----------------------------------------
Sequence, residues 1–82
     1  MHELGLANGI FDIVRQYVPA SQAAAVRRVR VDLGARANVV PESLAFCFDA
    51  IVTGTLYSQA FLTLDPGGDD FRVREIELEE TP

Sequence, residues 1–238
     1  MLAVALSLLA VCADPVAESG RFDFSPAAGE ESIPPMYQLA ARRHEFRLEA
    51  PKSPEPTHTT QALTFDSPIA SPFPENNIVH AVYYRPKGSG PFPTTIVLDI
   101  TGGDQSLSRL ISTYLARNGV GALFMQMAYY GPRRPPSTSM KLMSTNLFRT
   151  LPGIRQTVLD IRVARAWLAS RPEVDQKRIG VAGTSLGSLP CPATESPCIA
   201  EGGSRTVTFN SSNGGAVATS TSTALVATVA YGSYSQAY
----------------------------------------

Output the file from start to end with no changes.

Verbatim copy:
Sequence, residues 1–82
     1  MHELGLANGI FDIVRQYVPA SQAAAVRRVR VDLGARANVV PESLAFCFDA
    51  IVTGTLYSQA FLTLDPGGDD FRVREIELEE TP

Sequence, residues 1–238
     1  MLAVALSLLA VCADPVAESG RFDFSPAAGE ESIPPMYQLA ARRHEFRLEA
    51  PKSPEPTHTT QALTFDSPIA SPFPENNIVH AVYYRPKGSG PFPTTIVLDI
   101  TGGDQSLSRL ISTYLARNGV GALFMQMAYY GPRRPPSTSM KLMSTNLFRT
   151  LPGIRQTVLD IRVARAWLAS RPEVDQKRIG VAGTSLGSLP CPATESPCIA
   201  EGGSRTVTFN SSNGGAVATS TSTALVATVA YGSYSQAY